Monday, April 30, 2012

Guest Post: Military Writers Teach Far More Than Strategy (Part One)

Hadrian's column, Rome
After a short, unavoidable delay, April’s Guest Post is ready. However, it cannot be posted all at once, so instead I will be posting a new section at 9:00 AM PST on Tuesday, Thursday and Friday until it is complete.

Wednesday will be reserved for the regular Wordsmith at Work days. I hope these posts on the history of military writers will be edifying to those who are interested, and if you’re not, feel free to come back on Wednesday or next week.

For now, this is Part One of Four. Enjoy.

There is much made today of military men who write. They are criticized and reviled at all levels. And yet, it is the memoirs and written accounts made by military men which have given us the clearest history of the world.

It is an odd dichotomy of our human existence that these who have caused chaos in greater way than any others provide the most illustrative and concise knowledge of how people from their time lived and thought and believed and acted. We may wish to decry them, for personal, moral or philosophical reasons, but theirs is the records we have and it behooves us to study them diligently.

Friday, April 27, 2012

Why Are You Standing There?

All the world's a stage, and all the
men and women merely players.
Before we get into the topic for today, I have to announce that today's guest blog post has been unavoidably delayed. The Marine who is writing it got called on suddenly and has to go fulfill his duty to our country. I think that's an excellent reason for it to be late. It will probably be up Monday.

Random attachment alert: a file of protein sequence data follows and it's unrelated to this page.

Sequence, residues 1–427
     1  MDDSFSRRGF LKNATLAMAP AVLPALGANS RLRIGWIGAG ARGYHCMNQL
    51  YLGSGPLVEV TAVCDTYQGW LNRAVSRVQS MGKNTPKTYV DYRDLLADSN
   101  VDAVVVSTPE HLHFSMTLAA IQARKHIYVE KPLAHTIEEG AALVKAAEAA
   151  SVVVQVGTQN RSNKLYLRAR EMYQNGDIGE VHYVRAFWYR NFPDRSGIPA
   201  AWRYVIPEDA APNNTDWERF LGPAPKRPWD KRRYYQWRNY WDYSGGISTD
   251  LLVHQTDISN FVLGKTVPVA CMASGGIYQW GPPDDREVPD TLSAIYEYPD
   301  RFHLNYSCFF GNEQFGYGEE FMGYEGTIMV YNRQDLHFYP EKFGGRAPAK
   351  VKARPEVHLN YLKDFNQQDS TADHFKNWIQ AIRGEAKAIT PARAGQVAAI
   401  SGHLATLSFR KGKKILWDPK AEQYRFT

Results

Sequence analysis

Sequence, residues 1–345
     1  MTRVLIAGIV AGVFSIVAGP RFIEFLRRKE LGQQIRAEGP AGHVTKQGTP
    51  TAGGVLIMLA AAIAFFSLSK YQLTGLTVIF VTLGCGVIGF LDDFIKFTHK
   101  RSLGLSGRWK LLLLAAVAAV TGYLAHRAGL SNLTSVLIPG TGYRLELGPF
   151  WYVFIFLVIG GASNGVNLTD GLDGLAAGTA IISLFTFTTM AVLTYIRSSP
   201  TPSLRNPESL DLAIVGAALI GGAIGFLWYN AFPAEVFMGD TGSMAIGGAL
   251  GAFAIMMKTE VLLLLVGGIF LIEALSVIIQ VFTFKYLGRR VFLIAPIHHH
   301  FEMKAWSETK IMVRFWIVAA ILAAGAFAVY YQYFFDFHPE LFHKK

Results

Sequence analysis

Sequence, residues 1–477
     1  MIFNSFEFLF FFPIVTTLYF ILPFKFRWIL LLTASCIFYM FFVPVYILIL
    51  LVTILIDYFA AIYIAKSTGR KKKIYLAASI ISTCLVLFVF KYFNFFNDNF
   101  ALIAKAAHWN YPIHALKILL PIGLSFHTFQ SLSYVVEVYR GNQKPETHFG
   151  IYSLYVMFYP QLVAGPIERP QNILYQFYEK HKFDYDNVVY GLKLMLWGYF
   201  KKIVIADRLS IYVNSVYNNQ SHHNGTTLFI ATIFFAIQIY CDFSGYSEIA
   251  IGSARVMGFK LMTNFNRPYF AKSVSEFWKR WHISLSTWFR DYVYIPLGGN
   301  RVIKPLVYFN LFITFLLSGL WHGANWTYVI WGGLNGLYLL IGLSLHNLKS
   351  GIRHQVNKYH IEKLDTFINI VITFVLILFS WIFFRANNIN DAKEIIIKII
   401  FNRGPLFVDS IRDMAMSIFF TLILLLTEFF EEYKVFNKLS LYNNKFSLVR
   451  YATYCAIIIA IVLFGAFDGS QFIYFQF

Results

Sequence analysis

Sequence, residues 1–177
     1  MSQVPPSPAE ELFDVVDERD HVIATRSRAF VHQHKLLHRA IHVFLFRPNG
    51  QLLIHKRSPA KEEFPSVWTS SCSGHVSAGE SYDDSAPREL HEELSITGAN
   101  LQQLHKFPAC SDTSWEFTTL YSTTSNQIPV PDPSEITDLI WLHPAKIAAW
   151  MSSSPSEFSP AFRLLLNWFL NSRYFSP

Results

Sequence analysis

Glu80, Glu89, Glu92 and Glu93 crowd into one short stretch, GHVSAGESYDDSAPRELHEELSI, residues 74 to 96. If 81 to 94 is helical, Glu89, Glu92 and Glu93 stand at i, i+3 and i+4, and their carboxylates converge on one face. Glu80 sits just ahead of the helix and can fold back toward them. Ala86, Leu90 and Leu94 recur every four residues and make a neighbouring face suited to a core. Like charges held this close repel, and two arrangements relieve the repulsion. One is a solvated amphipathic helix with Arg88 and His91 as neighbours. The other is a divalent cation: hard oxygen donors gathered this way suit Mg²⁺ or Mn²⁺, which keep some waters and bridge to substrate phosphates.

Now! For the past few months, I have been trying to teach a friend of mine all about how to be more dominant, mostly for our mutual amusement. The first few "lessons" focused on the idea of making use of the space around you to take more control in relationships.

This is one of my pet theories: how people stand in relation to each other and to the objects in the room says a lot about them, and about their relationships with the other people in the room.

Wednesday, April 25, 2012

Wordsmith at Work: Major Changes

(Slightly) unrelated: an open gate like my open opportunities?
I have to say, I'm slightly nervous about the subject of today's blog post. So many things are still up in the air, and I keep wanting to cancel it altogether. I don't know if it's going to work and I don't know if you will support me in this endeavor.

But enough beating around the bushes (yes, those ones over there). The next step on my journey to creating a cohesive online web presence is this: change my website! Don't worry, I'm not going to make the switch tomorrow. I just wanted to announce it as I started the process so you know what I'm working on.

Let me break it down a bit. I'm still trying to figure everything out--maybe then it will make sense to both of us.

Monday, April 23, 2012

Is Writing a Solitary Art?